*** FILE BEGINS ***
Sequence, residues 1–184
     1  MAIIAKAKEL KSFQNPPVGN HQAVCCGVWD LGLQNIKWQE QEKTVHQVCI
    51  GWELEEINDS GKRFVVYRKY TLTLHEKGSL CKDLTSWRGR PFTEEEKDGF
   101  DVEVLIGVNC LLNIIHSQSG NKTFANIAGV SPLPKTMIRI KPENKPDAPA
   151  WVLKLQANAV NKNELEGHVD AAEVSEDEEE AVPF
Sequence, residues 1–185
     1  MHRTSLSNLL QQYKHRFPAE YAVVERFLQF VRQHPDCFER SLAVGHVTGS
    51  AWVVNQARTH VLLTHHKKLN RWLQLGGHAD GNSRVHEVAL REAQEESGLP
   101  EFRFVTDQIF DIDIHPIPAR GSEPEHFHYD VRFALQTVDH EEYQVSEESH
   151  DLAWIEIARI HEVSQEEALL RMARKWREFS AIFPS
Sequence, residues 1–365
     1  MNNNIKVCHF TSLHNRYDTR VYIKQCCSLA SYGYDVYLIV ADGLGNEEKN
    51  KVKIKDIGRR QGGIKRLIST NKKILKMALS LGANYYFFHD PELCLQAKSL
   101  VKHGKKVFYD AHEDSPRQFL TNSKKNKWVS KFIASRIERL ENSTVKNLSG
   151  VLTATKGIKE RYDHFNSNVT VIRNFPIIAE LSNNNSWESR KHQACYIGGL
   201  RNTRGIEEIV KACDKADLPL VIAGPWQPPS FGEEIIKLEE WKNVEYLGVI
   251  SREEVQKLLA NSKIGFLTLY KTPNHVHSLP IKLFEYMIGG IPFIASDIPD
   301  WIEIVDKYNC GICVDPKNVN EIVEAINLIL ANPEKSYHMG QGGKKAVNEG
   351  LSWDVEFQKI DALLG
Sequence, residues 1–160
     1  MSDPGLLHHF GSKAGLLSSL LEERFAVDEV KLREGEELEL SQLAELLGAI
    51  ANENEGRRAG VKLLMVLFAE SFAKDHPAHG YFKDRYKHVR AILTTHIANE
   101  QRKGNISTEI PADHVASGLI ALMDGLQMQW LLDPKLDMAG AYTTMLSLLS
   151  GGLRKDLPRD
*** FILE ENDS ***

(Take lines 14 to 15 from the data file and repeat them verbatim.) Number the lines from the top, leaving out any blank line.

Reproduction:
   101  VKHGKKVFYD AHEDSPRQFL TNSKKNKWVS KFIASRIERL ENSTVKNLSG
   151  VLTATKGIKE RYDHFNSNVT VIRNFPIIAE LSNNNSWESR KHQACYIGGL